How do we deal with breaking up when we lack role models?
In the words of Stephen Sondheim, here’s a little story that should make you cry.
My friend Dale decided it was time to fall in love. Again. It had been about a month since he and his last love split up, the last love having come to the conclusion that Dale was not the love that would last. Dale had reached the same lifeless plateau about two hours later. But the other guy got the call in first, so he got to walk away with the Dumper laurel wreath on his brow. And Dale picked himself up, brushed his hair back, and started all over again.
We do this a lot, lately, don’t we? That is, turn to romance as though it were yet another commodity to obtain and neatly fit into our daily routine, like updating a database or attending a monthly steering committee. I blame Oprah, as I’ve blamed Oprah before. Oprah, surprisingly, sails on, my disapproval notwithstanding.
I blame the internet, too. The last thing humankind needed was further blurring of the line between sex and love and, with the possible exception of eBay, it’s the biggest thing the net provides. Dale is but one of an army of men who see a posted profile, feel a stirring beneath the fabric of their 2-Xist boxer shorts, and confidently foresee a zillion nights of perfect compatibility broken up by occasional bouts of passion. So I blame Dale as well. But I’ll go easier on him; he’s suffered enough for his folly.
To the story, then.
Dale found Jeff. Jeff found Dale’s finding of him fine. Let the dating begin. For maybe three weeks – a Grant Wood portrait of enduring couplehood, as gay pairings often go – all was grand. There were movies, there were bites had at fun little bistros, and there were bites enjoyed in passion. Favorite CDs were traded, that a hot new band could be shared. Disks of movies were left in apartments, not worried about because, well, they could be remembered and taken back home after next time’s bites.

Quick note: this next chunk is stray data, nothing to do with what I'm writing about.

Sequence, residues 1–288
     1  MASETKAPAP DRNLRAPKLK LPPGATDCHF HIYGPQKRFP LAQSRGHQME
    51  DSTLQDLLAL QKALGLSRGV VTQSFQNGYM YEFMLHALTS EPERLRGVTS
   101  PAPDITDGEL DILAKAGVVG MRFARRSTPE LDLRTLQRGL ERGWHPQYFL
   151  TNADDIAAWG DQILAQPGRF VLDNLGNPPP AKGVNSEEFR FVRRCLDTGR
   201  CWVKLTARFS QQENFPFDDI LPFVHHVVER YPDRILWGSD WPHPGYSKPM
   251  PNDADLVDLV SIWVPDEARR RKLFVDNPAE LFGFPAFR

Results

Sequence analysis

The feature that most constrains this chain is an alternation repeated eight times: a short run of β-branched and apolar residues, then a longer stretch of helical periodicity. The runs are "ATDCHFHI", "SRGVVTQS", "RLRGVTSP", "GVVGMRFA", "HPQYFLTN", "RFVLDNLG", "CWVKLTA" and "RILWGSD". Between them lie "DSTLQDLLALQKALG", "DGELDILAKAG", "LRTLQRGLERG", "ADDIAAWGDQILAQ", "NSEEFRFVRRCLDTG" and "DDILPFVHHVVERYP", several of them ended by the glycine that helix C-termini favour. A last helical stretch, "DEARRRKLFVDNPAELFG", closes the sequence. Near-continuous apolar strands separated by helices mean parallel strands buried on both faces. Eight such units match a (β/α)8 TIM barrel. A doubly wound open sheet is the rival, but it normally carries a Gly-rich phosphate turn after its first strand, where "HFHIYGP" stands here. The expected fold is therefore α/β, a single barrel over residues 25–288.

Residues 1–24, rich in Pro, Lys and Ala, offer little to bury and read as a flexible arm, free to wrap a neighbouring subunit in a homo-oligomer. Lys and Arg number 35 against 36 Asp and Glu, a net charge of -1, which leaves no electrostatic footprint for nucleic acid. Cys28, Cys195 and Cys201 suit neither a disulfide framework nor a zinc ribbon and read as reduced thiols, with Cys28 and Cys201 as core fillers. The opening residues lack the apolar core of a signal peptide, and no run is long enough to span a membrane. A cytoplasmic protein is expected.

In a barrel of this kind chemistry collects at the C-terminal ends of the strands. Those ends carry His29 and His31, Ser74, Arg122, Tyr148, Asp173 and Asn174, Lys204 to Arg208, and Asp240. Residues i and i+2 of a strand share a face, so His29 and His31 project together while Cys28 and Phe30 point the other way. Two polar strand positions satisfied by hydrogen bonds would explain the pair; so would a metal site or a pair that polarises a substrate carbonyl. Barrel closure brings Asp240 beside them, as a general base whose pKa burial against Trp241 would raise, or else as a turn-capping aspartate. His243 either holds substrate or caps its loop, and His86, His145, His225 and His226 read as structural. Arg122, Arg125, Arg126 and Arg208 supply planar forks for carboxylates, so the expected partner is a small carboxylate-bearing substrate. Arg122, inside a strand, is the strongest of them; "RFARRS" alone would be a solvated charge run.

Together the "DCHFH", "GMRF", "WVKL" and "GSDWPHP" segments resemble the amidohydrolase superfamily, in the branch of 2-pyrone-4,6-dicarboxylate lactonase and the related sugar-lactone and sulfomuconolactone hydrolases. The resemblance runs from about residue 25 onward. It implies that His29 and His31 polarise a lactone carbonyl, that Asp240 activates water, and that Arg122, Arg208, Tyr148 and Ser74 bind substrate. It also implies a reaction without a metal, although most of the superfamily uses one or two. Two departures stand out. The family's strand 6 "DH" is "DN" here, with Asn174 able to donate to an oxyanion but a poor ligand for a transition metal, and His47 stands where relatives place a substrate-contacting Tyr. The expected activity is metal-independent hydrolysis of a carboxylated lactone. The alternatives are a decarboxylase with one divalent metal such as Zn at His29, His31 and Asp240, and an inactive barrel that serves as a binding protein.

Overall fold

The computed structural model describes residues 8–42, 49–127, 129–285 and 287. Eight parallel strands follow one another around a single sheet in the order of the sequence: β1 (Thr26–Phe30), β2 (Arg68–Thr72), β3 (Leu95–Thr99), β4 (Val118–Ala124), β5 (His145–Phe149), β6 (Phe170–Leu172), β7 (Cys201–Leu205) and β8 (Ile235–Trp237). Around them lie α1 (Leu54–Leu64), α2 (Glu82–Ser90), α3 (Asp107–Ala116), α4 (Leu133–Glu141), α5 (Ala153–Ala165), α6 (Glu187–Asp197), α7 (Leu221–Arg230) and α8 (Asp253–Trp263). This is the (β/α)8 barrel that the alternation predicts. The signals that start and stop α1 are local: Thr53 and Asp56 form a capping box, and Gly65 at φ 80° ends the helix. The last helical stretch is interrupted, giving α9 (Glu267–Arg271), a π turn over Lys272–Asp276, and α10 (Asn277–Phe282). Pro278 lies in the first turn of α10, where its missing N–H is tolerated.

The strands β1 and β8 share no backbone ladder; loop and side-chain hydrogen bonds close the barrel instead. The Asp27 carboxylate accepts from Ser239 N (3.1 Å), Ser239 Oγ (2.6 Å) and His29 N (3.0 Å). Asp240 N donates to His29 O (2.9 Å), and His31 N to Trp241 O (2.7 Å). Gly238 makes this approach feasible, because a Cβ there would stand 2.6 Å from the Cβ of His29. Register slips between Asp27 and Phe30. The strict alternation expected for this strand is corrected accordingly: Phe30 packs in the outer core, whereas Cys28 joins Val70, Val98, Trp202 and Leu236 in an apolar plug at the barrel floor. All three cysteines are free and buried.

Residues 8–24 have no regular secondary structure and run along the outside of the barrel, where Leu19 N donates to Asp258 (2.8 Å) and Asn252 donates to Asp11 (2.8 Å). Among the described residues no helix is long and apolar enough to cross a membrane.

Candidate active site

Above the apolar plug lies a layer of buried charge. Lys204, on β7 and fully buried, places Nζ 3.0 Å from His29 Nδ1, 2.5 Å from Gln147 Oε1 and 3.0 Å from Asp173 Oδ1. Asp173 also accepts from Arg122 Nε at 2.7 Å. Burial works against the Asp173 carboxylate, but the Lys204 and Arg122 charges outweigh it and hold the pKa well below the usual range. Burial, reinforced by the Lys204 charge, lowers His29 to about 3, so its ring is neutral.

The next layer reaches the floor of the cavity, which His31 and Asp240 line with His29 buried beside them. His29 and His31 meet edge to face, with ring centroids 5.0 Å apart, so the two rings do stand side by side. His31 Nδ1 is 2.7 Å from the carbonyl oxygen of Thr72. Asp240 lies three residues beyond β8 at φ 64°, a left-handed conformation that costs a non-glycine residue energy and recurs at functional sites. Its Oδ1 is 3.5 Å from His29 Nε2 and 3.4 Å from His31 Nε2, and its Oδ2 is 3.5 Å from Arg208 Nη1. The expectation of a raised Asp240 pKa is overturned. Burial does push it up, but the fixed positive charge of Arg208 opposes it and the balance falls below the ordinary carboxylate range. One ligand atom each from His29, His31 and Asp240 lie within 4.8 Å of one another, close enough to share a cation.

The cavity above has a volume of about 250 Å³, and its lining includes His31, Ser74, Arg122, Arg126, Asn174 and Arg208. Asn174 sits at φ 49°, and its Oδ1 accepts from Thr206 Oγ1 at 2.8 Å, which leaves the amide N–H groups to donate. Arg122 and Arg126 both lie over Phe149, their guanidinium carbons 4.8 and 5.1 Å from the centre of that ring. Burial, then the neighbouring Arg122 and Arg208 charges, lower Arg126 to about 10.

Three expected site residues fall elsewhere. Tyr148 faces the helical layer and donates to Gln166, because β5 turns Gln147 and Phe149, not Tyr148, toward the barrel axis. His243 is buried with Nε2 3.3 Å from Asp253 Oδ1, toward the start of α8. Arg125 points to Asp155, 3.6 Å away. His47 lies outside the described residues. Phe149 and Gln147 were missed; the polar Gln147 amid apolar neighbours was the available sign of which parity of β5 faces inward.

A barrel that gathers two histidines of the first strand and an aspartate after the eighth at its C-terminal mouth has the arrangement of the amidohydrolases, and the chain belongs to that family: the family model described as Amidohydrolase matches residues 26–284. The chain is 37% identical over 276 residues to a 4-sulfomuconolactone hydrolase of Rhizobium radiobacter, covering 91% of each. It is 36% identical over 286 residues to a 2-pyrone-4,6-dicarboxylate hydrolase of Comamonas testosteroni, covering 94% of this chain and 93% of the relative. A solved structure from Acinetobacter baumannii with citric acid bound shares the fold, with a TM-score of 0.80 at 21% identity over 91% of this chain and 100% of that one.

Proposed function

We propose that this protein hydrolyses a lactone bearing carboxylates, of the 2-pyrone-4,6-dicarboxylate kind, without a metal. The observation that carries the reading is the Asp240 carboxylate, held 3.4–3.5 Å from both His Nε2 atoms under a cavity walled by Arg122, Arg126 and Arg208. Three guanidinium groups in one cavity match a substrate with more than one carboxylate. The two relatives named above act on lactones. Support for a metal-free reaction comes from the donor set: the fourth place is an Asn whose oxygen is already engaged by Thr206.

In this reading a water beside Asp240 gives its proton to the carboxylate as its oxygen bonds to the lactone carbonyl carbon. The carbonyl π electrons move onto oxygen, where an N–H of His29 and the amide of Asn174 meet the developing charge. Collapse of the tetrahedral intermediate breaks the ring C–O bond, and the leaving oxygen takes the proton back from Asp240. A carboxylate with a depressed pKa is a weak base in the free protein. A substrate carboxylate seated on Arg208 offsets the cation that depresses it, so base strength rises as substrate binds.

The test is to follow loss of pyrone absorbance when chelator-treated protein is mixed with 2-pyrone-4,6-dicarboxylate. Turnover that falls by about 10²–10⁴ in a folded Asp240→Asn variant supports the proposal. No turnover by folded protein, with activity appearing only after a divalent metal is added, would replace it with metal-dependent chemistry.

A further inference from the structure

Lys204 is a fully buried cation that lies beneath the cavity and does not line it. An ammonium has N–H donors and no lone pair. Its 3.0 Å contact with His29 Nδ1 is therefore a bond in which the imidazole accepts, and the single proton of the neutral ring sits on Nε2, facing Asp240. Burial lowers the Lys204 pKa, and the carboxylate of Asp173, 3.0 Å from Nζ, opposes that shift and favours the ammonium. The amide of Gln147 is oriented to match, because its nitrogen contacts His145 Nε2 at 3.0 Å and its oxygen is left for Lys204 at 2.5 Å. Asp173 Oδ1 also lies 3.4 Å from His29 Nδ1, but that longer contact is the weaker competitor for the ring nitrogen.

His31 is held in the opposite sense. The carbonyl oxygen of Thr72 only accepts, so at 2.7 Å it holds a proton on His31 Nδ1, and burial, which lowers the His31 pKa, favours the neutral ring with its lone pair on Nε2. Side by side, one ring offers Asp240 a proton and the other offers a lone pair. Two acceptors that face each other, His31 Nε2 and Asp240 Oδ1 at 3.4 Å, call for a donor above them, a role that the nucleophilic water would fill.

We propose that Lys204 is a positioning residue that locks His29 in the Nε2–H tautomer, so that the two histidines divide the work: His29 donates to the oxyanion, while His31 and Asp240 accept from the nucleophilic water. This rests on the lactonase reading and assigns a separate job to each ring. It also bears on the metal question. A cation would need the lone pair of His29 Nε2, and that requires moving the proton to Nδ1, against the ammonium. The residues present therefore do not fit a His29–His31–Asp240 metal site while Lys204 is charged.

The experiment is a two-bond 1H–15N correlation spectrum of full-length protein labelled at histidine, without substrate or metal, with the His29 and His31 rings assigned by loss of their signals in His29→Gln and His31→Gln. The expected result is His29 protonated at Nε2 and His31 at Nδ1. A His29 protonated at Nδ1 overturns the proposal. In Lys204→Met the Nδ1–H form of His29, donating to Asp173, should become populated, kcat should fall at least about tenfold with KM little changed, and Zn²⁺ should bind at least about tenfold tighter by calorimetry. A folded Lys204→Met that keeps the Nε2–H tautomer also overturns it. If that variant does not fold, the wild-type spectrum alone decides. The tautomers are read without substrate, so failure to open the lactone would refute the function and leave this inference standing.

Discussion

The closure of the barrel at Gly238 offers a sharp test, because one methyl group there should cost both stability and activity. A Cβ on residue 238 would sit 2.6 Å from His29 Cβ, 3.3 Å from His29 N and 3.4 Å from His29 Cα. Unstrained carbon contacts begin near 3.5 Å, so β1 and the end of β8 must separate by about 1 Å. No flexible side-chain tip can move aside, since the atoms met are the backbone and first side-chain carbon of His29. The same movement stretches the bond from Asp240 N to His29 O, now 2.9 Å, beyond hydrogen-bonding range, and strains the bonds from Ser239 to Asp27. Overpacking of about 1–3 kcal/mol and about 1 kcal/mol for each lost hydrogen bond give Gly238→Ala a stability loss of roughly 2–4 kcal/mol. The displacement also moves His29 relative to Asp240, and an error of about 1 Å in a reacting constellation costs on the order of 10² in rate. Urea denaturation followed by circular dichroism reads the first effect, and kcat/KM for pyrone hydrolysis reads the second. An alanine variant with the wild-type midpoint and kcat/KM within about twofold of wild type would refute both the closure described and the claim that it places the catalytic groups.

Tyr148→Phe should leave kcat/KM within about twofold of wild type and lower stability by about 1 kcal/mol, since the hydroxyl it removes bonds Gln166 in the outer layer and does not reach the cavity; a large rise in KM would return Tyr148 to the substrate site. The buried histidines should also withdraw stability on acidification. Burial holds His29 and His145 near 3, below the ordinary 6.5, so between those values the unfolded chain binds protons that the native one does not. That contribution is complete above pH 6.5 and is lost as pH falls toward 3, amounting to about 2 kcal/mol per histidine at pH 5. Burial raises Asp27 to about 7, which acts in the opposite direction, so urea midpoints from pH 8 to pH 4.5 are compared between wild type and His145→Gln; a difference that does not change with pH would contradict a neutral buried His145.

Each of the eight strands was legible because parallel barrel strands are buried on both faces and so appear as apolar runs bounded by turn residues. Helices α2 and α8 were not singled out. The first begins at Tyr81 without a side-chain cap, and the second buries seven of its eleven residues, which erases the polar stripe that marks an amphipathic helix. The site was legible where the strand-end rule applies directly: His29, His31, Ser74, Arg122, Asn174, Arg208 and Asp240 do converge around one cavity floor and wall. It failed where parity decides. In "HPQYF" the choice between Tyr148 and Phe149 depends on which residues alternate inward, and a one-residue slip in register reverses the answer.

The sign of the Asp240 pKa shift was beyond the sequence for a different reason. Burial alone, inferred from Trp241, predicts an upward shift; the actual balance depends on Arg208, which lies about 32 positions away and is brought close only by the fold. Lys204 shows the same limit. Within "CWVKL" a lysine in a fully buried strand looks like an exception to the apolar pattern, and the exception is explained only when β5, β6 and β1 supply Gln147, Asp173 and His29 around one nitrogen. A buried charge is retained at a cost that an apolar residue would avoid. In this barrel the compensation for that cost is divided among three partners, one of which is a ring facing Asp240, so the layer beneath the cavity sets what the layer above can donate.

Then this love that was fizzled out and died like a Pepsi cracked open and left on the side of a highway. Cell calls got increasingly bitter. Somebody was inconsiderate, somebody else turned out to be a moron. New pictures were uploaded to gay dating sites because everyone knows that life must go on. All that was left were the few loose ends.
They always say it’s the children who suffer when straight couples divorce. When gay men break up, it’s the DVDs that are the forgotten ones. Lost, ignored, uncared for in the maelstrom of grown-up heartbreak. In this instance, two particular films were the casualties: Dale’s copy of Bjork’s ‘Dancer in the Dark’, and Jeff’s less aesthetic – if more watchable – copy of Kristen Bjorn’s ‘Hot Times in Little Havana’. Modern love may be a mess, but at least it’s eclectic in its viewing habits.
Dale finally remembered his Bjork, and wanted it back. Jeff in turn realized he missed his Bjorn. Each in its way a tool of seduction, each was again needed to round out each man’s arsenal d’amour. But neither man wanted to make the trip to the other’s place, for the exchange. Pride is a strange thing. We will throw our legs up in the air for an acquaintance, yet be unwilling to hand over a lousy movie when on our feet once again.
Anyway. The mail man became the third, kind of hot, and blissfully otherwise uninvolved element in the affair. His job made him the liaison, and two DVDs were delivered to two, now despised, addresses. Just in time, too. Dale had a date he wanted to impress with Icelandic virtuosity, just as Jeff had arranged a night with a partner for whom the cavorting of Latin men was just the ticket. That same evening.
The end of this story does not need to be told. What is important is that it be recalled how very similar the names of ‘Bjork’ and ‘Bjorn’ are; that young men today are not good about slipping back into their original cases the correct DVDs; and that, when any of us scans our entertainment collections, we do so with a peripheral eye at best, and with barely even that when we are pissed off and only grudgingly seeking something to return to someone else.